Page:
Methods: One hundred patients with knee osteoarthritis were randomized to receive intra-articular injection of either Hylan G-F 20 or the corticosteroid, and they were followed for six months. The patients treated with Hylan G-F 20 received one course of three weekly injections. The patients treated with the corticosteroid received one injection at the time of enrollment in the study, and they could request one more injection any time during the study. An independent, blinded evaluator assessed the patients with the Western Ontario and McMaster University Osteoarthritis Index (WOMAC), a modification of the Knee Society rating system, and the visual analog pain scale.

Results: Both the group treated with the corticosteroid and the group treated with Hylan G-F 20 demonstrated improvements from baseline WOMAC scores (a median decrease from 55 to 40 points and from 54 to 44 points, respectively; p < 0.01 for both). The scores according to the Knee Society system did not significantly improve for the patients who received the corticosteroid (median, 58 to 70 points; p = 0.06) or for those who received Hylan G-F 20 (median, 58 to 68 points; p = 0.15). The scores on the visual analog scale improved for patients receiving Hylan G-F 20 (median, 70 to 52 mm; p < 0.01) but not for the patients who received the corticosteroid (median, 64 to 52 mm; p = 0.28). However, no significant differences between the two treatment groups were found with respect to the WOMAC, Knee Society system, or visual analog scale results. Women demonstrated a significant improvement in only one of the six possible outcome-treatment combinations (the WOMAC scale), whereas men demonstrated significant improvements in five of the six outcomes (all measures except the Knee Society rating system).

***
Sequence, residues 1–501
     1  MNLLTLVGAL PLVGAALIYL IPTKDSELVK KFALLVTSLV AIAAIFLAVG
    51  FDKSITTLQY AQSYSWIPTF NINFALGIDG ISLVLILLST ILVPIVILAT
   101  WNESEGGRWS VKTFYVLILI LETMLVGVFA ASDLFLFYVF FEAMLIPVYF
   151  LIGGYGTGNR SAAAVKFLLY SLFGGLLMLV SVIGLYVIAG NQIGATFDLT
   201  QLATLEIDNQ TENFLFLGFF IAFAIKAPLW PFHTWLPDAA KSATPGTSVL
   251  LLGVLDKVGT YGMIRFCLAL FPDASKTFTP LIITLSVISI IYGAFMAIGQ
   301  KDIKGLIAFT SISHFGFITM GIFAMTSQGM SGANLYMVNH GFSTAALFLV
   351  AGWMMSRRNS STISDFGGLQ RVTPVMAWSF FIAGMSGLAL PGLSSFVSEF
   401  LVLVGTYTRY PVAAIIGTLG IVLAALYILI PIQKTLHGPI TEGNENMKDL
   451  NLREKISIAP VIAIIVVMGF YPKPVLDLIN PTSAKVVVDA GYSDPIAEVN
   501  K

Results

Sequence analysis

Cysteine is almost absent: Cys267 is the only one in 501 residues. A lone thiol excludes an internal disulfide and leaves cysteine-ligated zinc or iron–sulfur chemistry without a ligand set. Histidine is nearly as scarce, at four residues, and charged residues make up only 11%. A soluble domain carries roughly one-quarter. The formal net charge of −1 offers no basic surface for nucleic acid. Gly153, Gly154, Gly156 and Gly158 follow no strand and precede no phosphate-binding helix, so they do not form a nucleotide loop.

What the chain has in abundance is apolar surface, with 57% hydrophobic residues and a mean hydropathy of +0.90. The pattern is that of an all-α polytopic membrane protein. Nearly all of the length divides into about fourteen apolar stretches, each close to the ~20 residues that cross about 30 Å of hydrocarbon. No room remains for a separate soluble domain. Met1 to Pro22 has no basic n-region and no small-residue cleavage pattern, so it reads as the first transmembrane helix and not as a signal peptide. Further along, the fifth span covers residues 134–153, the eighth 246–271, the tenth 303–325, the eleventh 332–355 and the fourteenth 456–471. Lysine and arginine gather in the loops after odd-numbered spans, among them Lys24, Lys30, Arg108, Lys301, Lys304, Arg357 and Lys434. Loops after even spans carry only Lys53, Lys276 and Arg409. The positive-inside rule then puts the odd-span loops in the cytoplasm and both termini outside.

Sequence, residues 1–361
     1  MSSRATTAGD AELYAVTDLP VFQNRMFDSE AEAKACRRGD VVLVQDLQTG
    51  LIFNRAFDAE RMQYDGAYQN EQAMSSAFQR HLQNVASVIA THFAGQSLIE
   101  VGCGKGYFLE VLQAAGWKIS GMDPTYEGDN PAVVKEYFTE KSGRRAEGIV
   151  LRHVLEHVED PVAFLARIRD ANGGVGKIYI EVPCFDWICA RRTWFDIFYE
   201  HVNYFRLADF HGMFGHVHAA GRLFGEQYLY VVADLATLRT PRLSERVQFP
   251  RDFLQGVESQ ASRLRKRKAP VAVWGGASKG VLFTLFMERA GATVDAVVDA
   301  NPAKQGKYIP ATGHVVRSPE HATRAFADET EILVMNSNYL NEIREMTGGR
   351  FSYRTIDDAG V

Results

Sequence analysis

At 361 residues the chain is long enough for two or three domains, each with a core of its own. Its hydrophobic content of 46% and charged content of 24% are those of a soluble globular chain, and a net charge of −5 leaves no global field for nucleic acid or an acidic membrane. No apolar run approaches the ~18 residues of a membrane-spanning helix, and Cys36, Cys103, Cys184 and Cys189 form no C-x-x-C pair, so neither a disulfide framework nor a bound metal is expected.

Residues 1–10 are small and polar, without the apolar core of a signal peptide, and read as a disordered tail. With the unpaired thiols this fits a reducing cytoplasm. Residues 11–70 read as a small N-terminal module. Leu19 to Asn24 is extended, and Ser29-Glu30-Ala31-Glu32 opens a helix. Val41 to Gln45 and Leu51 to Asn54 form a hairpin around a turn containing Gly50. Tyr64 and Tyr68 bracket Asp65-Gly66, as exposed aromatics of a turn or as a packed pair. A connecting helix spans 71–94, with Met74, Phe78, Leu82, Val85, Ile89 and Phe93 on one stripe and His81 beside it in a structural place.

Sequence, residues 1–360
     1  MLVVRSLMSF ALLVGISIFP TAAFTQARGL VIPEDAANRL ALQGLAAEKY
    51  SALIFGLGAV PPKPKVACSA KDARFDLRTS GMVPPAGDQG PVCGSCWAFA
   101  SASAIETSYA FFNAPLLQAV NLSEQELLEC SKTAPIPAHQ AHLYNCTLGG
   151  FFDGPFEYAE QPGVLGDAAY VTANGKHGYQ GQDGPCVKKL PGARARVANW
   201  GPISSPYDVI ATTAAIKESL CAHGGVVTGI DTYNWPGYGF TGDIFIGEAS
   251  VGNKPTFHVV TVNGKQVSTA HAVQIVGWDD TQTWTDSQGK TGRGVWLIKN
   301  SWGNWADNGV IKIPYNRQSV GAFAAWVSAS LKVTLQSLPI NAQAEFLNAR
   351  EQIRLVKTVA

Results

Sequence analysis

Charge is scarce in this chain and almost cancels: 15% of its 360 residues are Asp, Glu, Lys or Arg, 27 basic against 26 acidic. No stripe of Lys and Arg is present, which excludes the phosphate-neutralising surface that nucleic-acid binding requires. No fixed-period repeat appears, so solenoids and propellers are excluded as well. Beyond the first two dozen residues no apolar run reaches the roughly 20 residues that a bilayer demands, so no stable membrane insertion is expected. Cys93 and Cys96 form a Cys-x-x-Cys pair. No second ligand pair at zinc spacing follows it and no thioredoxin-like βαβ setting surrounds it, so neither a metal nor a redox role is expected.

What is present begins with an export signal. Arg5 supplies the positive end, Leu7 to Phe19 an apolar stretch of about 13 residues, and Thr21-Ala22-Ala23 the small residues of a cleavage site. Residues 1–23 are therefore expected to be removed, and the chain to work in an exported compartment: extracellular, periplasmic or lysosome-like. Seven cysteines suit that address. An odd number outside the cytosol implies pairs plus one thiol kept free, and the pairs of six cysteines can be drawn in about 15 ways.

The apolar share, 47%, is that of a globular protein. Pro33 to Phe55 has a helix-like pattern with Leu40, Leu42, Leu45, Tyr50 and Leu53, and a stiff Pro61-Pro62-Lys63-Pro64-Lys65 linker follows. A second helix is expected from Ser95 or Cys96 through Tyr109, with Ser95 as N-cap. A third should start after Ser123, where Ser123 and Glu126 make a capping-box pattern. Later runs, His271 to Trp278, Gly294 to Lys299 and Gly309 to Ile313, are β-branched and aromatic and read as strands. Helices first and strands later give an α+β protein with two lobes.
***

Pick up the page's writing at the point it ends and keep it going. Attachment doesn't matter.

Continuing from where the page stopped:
Conclusions: No differences were detected between patients treated with intra-articular injections of Hylan G-F 20 and those treated with the corticosteroid with respect to pain relief or function at six months of follow-up. Women demonstrated significantly less response to treatment than men did for both treatments on all three outcome scales. Such significant gender-related differences warrant further investigation.

Level of Evidence: Therapeutic study, Level I-1b (randomized controlled trial [no significant difference but narrow confidence intervals]). See Instructions to Authors for a complete description of levels of evidence.

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    References

    Accreditation Statement
    These activities have been planned and implemented in accordance with the Essential Areas and policies of the Accreditation Council for Continuing Medical Education (ACCME) through the joint sponsorship of the American Academy of Orthopaedic Surgeons and The Journal of Bone and Joint Surgery, Inc. The American Academy of Orthopaedic Surgeons is accredited by the ACCME to provide continuing medical education for physicians.